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Wednesday, September 8, 2021

Book review: Immobility by Brian Evenson




Official Author Website

About Brian: BRIAN EVENSON is the author of a dozen books of fiction. He has translated work by Christian Gailly, Jean Frémon, Claro, Jacques Jouet, Eric Chevillard, Antoine Volodine, Manuela Draeger, and David B. He is the recipient of three O. Henry Prizes as well as an NEA fellowship. His work has been translated into Czech, French, Italian, Greek, Hungarian, Japanese, Persian, Russia, Spanish, Slovenian, and Turkish. He lives in Los Angeles and teaches in the Critical Studies Program at CalArts.

Publication Date: April 10, 2012 Publisher: Tor Page Count: 256


OVERVIEW: Immobility is unlike any post-apocalyptic book I have read before. After he wakes up, Josef Horkai remembers nothing except an apocalyptic event known as the Kollaps. He has partial paralysis, but he’s also impossible to kill (more or less). Other survivors task him with finding a stolen cylinder somehow essential to their survival. Since he can’t walk, two “mules” (genetically engineered people wearing hazmat suits) carry him across a post-apocalyptic wasteland.

Josef struggles with physical and mental limitations; he can’t distinguish true memories from dreams and does not know what is really going on around him. He’s not even sure if he’s still human; the toxic environment doesn’t affect his health and he may be immortal. 

Unlike writers who attempt to present a clear and understandable world, Evenson introduces an element of narrative uncertainty. Josef questions his initial assumptions and doubts the accuracy of his perceptions. As readers, we cannot be sure how much his delusion influences the narrative. The result is fascinating, full of strangeness, tension, and immediacy.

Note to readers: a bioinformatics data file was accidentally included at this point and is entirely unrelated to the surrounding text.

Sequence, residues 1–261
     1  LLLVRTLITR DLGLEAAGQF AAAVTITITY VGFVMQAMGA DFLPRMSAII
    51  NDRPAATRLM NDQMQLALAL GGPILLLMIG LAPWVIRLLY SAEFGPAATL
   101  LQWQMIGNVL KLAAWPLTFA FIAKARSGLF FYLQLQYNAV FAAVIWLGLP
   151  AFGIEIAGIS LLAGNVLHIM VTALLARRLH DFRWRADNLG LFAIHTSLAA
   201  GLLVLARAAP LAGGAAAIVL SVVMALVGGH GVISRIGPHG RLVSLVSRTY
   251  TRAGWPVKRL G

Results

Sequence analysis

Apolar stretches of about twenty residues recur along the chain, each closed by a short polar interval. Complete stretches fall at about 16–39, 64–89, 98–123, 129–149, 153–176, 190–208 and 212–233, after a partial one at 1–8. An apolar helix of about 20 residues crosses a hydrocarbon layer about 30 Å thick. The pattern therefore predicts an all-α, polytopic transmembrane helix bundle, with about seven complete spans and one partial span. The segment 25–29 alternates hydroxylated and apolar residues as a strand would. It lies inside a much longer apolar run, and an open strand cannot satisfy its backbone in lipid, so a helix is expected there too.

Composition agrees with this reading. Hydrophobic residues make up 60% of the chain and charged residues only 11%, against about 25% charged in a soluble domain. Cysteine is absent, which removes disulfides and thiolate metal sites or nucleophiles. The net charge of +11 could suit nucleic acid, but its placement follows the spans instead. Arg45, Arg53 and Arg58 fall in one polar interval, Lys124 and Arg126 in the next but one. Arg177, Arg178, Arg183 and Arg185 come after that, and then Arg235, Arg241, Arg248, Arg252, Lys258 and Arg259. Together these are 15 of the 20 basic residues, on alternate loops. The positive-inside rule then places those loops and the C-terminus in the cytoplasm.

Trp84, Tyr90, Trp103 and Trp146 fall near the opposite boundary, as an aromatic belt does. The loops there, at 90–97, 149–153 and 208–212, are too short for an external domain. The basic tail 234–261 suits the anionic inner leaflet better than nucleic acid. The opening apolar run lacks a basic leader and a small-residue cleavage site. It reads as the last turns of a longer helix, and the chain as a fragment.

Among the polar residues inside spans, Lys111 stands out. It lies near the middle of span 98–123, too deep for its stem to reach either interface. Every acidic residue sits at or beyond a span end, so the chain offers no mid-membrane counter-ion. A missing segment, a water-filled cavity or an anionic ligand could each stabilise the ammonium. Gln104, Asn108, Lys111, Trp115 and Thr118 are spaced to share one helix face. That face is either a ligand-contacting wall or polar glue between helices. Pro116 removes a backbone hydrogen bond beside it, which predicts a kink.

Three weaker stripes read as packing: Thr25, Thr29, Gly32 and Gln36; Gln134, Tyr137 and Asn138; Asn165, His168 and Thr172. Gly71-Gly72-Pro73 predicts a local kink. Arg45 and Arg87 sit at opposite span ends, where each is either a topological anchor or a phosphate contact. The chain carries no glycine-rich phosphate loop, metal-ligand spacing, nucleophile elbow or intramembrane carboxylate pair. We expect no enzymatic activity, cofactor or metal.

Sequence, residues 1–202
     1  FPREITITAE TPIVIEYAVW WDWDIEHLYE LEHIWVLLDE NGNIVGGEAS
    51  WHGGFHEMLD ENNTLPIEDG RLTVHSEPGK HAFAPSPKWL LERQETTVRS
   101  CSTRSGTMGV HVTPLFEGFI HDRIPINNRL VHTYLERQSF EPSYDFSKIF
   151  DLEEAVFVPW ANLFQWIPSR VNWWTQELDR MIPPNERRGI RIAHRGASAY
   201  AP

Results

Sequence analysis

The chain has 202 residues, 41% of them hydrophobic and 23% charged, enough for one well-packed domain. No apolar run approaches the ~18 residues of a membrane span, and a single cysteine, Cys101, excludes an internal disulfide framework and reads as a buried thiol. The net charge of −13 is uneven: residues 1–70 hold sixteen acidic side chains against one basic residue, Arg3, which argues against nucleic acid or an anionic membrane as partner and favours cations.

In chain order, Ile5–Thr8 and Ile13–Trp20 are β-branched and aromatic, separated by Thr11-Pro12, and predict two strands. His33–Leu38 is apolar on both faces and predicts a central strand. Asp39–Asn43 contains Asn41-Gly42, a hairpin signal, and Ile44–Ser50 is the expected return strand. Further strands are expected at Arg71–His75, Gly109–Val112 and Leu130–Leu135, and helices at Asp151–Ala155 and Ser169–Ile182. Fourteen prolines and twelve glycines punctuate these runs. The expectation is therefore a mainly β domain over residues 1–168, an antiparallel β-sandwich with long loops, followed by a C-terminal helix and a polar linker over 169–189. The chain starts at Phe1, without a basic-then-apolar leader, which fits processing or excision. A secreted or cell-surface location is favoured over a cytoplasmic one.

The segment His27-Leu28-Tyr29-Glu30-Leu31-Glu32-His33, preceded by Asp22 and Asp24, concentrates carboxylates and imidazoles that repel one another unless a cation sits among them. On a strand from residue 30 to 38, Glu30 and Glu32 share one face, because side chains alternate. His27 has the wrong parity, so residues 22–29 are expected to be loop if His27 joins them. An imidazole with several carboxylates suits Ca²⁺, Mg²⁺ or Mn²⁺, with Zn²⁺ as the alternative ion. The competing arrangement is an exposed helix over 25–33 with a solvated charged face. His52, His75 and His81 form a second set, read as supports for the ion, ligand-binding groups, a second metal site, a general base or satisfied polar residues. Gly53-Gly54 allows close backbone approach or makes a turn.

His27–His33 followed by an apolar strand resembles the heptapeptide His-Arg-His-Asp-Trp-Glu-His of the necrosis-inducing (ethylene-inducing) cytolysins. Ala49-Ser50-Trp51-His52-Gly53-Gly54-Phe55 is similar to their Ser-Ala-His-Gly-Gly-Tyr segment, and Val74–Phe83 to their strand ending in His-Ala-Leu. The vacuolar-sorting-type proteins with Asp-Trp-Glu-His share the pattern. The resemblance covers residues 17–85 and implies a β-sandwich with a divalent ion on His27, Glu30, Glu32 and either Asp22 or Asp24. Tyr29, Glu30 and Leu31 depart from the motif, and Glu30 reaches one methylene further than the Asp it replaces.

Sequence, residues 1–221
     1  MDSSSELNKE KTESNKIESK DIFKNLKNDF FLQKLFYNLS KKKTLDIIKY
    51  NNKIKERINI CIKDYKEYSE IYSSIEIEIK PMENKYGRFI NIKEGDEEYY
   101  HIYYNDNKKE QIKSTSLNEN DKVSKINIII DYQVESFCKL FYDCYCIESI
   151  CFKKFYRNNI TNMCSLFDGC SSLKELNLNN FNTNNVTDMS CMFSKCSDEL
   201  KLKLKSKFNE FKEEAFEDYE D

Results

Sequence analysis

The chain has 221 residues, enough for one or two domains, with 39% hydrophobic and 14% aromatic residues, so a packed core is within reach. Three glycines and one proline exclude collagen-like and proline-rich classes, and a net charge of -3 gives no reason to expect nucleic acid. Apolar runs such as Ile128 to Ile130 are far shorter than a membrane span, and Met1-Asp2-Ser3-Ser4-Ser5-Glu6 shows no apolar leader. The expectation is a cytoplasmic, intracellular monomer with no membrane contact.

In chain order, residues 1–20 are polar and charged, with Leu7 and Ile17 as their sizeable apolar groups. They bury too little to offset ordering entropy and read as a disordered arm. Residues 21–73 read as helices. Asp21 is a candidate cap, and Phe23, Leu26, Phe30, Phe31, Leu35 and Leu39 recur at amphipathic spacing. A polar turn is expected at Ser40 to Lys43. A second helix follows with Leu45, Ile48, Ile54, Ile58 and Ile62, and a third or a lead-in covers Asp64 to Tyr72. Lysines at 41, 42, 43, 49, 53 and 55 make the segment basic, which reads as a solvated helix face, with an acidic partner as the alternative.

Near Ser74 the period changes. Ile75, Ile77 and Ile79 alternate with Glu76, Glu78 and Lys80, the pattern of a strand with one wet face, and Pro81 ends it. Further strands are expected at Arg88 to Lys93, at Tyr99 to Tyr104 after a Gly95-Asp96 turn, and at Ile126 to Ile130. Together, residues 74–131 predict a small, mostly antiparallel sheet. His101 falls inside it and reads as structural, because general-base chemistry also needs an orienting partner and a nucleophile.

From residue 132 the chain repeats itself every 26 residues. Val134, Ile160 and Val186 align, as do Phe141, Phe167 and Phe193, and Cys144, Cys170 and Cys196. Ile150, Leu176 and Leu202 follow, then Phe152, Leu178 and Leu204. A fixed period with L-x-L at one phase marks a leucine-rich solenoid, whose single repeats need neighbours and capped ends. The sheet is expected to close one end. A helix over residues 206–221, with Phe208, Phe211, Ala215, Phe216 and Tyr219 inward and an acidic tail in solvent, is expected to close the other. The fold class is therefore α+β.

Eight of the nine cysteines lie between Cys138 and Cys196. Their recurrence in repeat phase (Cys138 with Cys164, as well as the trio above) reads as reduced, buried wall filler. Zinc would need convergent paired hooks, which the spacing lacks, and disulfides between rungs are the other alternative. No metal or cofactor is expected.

Immobility has a few characters, and it puts more pressure on their relationships and interactions. An example: the two “mules”, Qanik and Qatik, carrying Horkai through the devastated world, aren’t the brightest or most exciting people, but Josef challenges their beliefs and convictions. They have little time left (because of radiation) but they develop through discussions with Horkai. The contrast between their zealotry and blind belief in Rasmus (their leader) and Josef’s vague recollections of what humanity used to be / should be like leads to nice twists.

Evenson’s writing style is direct and sharp and contains no unnecessary embellishments. He skillfully conveys menace and desperation, making Immobility a quick read. Some might call this writing style brutal and I agree. Especially since Josef makes the argument that it would probably be best for humanity to die out.

CONCLUSION: I never want to wake up in a world similar to the one described in Immobility - its savagery terrifies me. And yet I found the experience of reading the book rewarding and the world unforgettable (if merciless). Fans of post-apocalyptic fiction and gut-punch endings shouldn’t miss it. 

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